Europe’s leading lab-grown fish company, Bluu Seafood, aims for sustainability

Overfishing is a global problem that negatively impacts the ecosystem and our access to fish protein. One solution to overfishing is to produce fish products in the laboratory from harvested animal cells. It can help feed the world while using fewer resources and without endangering wild fish populations.

As the world’s population continues to grow, so does its appetite for seafood. This growing demand threatens many fish stocks that are already under pressure from overfishing and other human activities. According to Food and Agriculture Organization of the United Nations34.2% of fisheries are overexploited, which are responsible for 22.7% of the world’s seafood supply.

Innovators in the cultivated food space create sustainable alternatives to traditional meat and fish products to reduce our impact on the environment. One such innovator is German start-up Bluu Seafood — Europe’s first lab-grown fish company. Their goal is to create healthy and sustainable fish products to secure a future supply of fish protein.

Beyond sustainability, the benefits of lab-grown fish include its high nutritional value and lack of contaminants such as dioxins and mercury typically found in wild fish. And compared to the fish processing industry, the production of farmed fish saves resources, having a significantly lower CO2 footprint as well as water and energy consumption.

To learn more about how these fish products are produced and how they can positively impact our marine ecosystems, we spoke with Sebastian Rakers, co-founder and CEO of Bluu Seafood. Rakers is a marine biotechnologist who has spent over a decade working with fish cells and applied science, starting Bluu Seafood – and later Bluu GmbH – in 2020.

How does Bluu Seafood develop its farmed fish products?

Fish culture begins with the removal of a small sample of fish tissue containing different populations of stem cells. From the isolated stem cells, our scientists create what is called an “immortalized cell line”. This cell line can be used over and over again without the need to return to the animal.

The cells are then grown in a bioreactor, which provides a sterile environment that allows the same developmental processes that take place inside an animal’s body to occur. It provides cells with the warmth and nutrients (water, proteins, carbohydrates, fats, vitamins and minerals) they need to reproduce and grow.

The result is a large amount of fish cells. These include muscle, fat and tissue cells which are identical to the cells that grow in a living animal, providing the same nutrients as wild caught or farmed fish. We then use these fish cells in combination with other ingredients such as vegetable proteins to create products such as fish sticks or fish balls. In the medium term, we will also be able to produce more complex products such as salmon fillet, which will be grown on 3D scaffolds made of plant material to create an optimal structure.

Can you tell us what are the main differences between farmed fish and farmed beef or chicken products?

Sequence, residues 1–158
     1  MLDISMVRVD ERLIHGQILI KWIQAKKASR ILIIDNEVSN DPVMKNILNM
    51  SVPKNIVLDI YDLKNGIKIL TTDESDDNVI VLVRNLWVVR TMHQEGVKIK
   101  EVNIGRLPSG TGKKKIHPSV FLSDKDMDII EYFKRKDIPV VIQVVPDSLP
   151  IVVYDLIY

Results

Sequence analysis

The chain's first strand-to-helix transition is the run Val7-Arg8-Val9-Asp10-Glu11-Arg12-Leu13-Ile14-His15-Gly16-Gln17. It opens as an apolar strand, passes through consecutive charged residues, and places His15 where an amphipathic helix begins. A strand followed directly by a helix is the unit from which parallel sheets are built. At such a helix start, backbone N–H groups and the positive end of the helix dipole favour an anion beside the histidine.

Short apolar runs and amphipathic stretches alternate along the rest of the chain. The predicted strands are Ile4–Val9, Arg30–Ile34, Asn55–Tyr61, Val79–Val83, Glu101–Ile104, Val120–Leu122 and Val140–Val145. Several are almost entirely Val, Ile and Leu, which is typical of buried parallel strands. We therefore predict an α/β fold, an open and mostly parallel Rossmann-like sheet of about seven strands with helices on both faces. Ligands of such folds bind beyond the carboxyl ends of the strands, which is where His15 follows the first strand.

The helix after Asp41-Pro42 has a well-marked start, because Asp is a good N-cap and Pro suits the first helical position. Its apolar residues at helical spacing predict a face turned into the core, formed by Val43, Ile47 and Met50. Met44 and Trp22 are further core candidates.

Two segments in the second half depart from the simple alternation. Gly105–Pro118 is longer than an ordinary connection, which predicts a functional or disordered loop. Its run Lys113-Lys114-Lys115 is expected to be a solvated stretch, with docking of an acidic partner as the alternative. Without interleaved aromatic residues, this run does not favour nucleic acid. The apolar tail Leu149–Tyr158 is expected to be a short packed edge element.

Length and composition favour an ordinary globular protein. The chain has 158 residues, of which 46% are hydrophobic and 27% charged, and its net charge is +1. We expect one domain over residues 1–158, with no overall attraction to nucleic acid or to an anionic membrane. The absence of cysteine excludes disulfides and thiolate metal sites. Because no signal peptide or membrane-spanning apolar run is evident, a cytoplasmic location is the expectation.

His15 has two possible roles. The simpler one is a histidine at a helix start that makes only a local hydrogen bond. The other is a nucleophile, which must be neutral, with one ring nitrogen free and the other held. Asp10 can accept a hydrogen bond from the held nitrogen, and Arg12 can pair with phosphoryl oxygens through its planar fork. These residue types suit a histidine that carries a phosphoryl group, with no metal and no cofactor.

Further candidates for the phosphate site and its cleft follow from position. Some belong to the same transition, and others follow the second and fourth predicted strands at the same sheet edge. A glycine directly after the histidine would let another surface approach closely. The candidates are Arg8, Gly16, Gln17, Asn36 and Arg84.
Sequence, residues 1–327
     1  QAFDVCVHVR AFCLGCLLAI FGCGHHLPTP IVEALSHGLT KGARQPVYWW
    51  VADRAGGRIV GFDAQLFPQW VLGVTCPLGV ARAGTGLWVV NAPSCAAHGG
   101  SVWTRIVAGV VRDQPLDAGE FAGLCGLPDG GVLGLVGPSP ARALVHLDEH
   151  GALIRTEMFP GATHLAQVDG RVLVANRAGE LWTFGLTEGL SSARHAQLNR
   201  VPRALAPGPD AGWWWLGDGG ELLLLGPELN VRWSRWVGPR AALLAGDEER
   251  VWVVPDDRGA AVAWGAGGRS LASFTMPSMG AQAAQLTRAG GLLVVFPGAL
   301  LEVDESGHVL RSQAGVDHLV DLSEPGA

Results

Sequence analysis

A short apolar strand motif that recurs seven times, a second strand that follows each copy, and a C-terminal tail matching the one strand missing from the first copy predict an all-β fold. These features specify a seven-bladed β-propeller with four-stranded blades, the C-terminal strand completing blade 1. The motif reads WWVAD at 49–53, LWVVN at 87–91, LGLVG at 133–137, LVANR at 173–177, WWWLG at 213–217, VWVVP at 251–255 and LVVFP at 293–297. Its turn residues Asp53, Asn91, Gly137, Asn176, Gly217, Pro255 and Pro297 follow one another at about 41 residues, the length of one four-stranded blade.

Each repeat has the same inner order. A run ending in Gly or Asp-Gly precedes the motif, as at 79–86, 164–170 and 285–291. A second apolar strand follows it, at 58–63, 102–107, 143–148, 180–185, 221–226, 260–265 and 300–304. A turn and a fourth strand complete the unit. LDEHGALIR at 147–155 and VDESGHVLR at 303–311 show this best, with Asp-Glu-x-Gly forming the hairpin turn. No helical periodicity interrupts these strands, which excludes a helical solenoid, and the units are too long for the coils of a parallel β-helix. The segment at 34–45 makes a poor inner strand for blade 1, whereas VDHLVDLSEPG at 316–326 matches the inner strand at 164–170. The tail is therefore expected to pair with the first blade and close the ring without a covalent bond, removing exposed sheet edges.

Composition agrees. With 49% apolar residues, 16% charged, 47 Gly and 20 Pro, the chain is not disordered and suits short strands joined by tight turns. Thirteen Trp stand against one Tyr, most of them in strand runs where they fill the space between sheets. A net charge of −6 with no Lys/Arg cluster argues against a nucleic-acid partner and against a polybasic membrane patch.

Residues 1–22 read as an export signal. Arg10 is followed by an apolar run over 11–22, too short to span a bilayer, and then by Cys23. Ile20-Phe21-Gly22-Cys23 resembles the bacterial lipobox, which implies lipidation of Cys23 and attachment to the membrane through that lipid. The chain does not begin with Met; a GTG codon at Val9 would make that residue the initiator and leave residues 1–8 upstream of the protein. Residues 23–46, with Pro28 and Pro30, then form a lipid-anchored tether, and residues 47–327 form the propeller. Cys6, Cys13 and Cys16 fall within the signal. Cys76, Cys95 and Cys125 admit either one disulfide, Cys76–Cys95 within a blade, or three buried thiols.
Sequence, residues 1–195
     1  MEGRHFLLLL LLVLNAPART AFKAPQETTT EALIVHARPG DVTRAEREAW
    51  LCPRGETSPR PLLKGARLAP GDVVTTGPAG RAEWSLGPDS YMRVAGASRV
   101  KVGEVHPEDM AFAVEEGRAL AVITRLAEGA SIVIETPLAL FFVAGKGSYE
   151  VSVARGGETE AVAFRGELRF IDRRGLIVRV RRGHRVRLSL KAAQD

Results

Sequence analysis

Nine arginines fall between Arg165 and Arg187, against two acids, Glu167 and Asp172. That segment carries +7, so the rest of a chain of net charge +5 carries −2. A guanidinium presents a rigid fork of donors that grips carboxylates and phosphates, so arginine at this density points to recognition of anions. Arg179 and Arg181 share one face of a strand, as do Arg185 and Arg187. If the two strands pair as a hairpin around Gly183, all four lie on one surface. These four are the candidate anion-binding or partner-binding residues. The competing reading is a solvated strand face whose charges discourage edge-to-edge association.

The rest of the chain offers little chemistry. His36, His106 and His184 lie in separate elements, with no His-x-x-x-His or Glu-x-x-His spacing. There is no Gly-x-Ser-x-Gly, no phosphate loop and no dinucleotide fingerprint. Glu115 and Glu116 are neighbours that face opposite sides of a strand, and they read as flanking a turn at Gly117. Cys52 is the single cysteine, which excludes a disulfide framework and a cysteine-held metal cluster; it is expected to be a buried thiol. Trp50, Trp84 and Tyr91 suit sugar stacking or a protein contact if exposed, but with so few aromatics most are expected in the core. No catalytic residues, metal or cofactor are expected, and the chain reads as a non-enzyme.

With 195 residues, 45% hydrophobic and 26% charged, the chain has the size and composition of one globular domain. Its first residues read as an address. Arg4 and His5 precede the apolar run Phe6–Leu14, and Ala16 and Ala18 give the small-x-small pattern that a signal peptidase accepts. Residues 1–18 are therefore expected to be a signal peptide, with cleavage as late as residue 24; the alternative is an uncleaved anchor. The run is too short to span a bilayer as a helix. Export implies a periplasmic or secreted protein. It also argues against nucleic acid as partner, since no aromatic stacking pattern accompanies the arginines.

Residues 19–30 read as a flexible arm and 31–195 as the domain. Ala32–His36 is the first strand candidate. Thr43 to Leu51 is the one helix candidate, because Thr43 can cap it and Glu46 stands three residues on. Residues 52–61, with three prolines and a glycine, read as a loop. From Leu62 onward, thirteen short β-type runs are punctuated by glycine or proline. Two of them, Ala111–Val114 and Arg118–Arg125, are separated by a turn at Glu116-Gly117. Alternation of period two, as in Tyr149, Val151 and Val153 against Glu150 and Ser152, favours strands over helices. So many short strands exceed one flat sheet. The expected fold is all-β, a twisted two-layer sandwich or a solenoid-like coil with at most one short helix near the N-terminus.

In essence, the process is similar, although there are some differences. First, working with fish cells is more energy efficient because fish cells can be cultured at room temperature, saving energy costs, while mammalian cells must be maintained at 37°C.

Second, fish cells are more robust and tolerant of different oxygen levels than mammalian cells, which is an advantage for bioreactors with low oxygen levels.

Third, the structure of fish meat is significantly less complex than that of mammalian meat, as it consists mainly of muscle tissue, which makes the production process simpler and more cost-effective.

With climate change and overfishing, there is pressure on global fisheries and the marine ecosystem. Do you think farmed fish products can help consumers move away from wild fish?

We are destroying our oceans. More than 90% of wild fisheries are classified as overexploited or exploited at maximum capacity. In addition, more than three billion marine animals are slaughtered every year. Most of it is bycatch. These are issues that need to be addressed now and cultured peach products offer a healthy and tasty alternative that is nutritionally equivalent to the original, while having only a fraction of the ecological footprint.

Food waste is clearly a major social problem. Can cultured foods such as fish products solve this problem?

Our food production systems are highly inefficient and much of the food we produce is thrown away. Farmed fish addresses this problem because it is produced locally in the exact quantities needed. Thanks to our modular production system, we can produce fresh fish at your doorstep, which means that the quantities produced can be better adapted to the actual demand.

What other products do you hope to work on in the years to come?

We have now finalized our development of fish sticks and fish balls, and are following regulatory processes in various geographies for these products. We are currently refining more complex products, such as trout sashimi and salmon fillet. These are more complex to build as they contain different types of cells (muscle, fat and connective tissue) and more complex 3D structures. We are also improving the nutritional profiles of all our products; for example, in terms of the content of omega-3 fatty acids and other important nutrients.

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